After giving it a great deal of thought, you've finally decided that you're going to paint your living room "blue." Feeling empowered by your decision, you head to the paint department of your favorite store only to be faced with more shades of blue than you ever imagined possible. You feel like you're back at square one.
"Choosing colors can be a daunting task," says Architect William Hirsch, Jr., author of Designing Your Perfect House. "It would seem with so many colors to choose from it would be easy to find just the right one. But there are millions of colors in the world with subtle differences in hues." And many times, even with all of those color choices in front of you, that perfect blue continues to elude you. But these tips can help:
"Sometimes it's easier to pick a color when you are not standing in front of a rack of a zillion colors," says Hirsch. "Instead, start by finding an object — such as a throw pillow, a dress, some curtains — in a color you love. Take that object to the store and find the color that matches. This will automatically narrow your choices and make the choice easier."
"Take note of which colors are your 'first blush' choices," says Hirsch. "Often, the colors that initially catch your eye will end up being your best bet and final choice. Spending too long pondering your decision can lead you to question your own judgment."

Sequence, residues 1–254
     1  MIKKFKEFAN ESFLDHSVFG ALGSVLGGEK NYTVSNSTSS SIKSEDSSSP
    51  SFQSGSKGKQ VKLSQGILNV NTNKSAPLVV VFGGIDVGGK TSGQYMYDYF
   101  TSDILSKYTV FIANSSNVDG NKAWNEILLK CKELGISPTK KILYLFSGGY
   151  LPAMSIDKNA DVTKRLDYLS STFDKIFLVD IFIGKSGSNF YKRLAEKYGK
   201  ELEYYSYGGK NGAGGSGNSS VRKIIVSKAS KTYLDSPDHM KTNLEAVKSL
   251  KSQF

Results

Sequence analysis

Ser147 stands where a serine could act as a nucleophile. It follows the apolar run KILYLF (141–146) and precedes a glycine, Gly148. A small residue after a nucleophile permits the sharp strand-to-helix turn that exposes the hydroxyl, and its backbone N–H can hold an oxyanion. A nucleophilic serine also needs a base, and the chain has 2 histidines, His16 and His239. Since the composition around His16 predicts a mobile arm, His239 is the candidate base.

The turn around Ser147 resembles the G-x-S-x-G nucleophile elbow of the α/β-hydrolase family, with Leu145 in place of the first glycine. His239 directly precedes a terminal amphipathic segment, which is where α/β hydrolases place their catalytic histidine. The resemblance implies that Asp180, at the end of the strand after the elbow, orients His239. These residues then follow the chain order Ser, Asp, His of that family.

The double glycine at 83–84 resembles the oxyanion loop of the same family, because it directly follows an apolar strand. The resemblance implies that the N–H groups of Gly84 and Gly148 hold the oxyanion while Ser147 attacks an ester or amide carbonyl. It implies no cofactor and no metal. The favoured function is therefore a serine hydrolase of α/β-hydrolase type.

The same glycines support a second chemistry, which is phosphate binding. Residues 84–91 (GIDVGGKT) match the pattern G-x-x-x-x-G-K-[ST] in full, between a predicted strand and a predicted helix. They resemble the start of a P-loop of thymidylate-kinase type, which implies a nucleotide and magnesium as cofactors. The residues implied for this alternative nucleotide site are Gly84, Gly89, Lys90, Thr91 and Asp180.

"Don't make your final decision in the store," advises Hirsch. "Take home a strip (or several) of color samples that might be candidates to evaluate. This way, you will see the colors in the context of your home and under the lighting conditions for your space."
"If you are choosing light colors, particularly off-whites, look at the deeper colors — the colors with more saturation — on the color strip that belong with the off-white color to determine the underlying tint of the off-white," suggests Hirsch. "Who hasn't chosen a white paint color only to see it turn pink, or yellow, or greenish when the whole wall or room is painted with it?"
"Cut the paint sample strip, or fold it so that you can see only the paint color itself and none of the white backer card," says Hirsch. "Because our eyes gauge contrast, the bright white of the backer card will distort your perception of the actual paint color. You'll get a better read on the true color without the influence of the white card."
"Buy a small can of the paint you choose (or a couple of possible colors) and paint a sample area on the wall at home," recommends Hirsch. "The small cost of the can of paint will be a worthwhile investment to get the color right before you spend a good deal of money on all the paint for the entire project (not to mention the time wasted if you have to repaint the room to correct a mistake)."
"Ultimately, it might be worth the cost of a one-hour consultation with a good interior designer," says Hirsch. "They have used many different colors and probably have a dependable palette of colors that will provide the expected results."
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